A Long Island home is rebuilt after Superstorm Sandy (staff photo)

Homeowners in coastal and flood-prone areas are getting at least some relief from huge spikes in flood insurance costs, although many will still face premium increases of 18% per year.

President Obama earlier this month signed legislation that modifies the more horrifying provisions of a 2012 rewrite of the National Flood Insurance Program, which covers 5.5 million homeowners and is currently drowing in a $24 billion sea of red ink that threatens to lap even higher as future storms come roaring ashore.

“At a time when ordinary families are frustrated because government doesn’t seem to listen, I heard you loud and clear and thankfully both sides of the aisle came together to fix this problem so middle class families can afford flood insurance and stay in their homes, businesses can stay open, and property values won’t plummet," said Sen. Robert Menendez (D-N.J.), who co-sponsored the bill in the Senate. "This fight isn’t just about insurance-rate-tables and actuarial risk rates – it’s all about hardworking people.  People who played by the rules their whole lives." 

Shore it up

The 2012 rewrite was intended to shore up the program by making property owners pay insurance rates that would have driven many middle-class taxpayers from their homes.

Congress acted to modify the program after lawmakers from both parties were haranged for months by homeowners who said there was no way they could afford to pay increases of 100% or more. Critics say the relief measure simply will simply shift costs to taxpayers the next time a hurricane strikes.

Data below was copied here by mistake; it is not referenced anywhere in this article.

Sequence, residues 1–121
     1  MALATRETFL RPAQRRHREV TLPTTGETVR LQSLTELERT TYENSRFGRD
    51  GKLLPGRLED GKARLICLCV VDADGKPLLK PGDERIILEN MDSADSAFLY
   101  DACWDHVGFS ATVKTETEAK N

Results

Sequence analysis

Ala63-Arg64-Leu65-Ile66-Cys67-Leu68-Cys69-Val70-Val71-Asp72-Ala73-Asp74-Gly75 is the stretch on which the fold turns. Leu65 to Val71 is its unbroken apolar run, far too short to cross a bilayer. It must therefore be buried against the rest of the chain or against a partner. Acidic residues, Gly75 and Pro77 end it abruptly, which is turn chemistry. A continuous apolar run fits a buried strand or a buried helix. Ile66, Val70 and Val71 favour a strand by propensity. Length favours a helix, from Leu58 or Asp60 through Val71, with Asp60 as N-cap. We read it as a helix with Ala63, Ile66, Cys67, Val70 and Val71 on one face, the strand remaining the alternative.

"That's fine," said a property owner on New York's Long Island. "But if we're not going to insure taxpayers who live in flood plains, people that live in tornado or earthquake zones should be on their own too."

Most homeowners in flood-prone areas have no choice but to buy the federal flood program, since private insurers have largely abandoned coastal areas. Even simple homeowner's policies are barely affordable and, in some areas, can't be found at any price.

Grandfathered properties

Those who stand to benefit the most from the revision are those whose properties were originally built to code but subsequently were found to be at greater flood risk.

Such “grandfathered” homeowners currently benefit from below-market rates that are subsidized by other policyholders, and the new legislation preserves that status and caps premium increases at 18 percent a year. The 2012 overhaul required premiums to increase to actuarially sound rates over five years and required extensive remapping.

“Today, draconian flood insurance rate increases have been stopped, and we have returned affordability as a centerpiece of the National Flood Insurance Program,” Sen. Mary Landrieu, D-La., said in a statement.

In another provision intended to provide relief to middle-class voters, sellers of older homes -- those built before flood insurance risk maps were drafted -- will be able to pass their subsidized policies on to buyers of their homes. 

However, homeowners whose homes have flooded repeatedly and those whose second home is in a flood zone will still see premiums go up by 25% a year until they reach a point that's deemed consistent with the risk of flooding.

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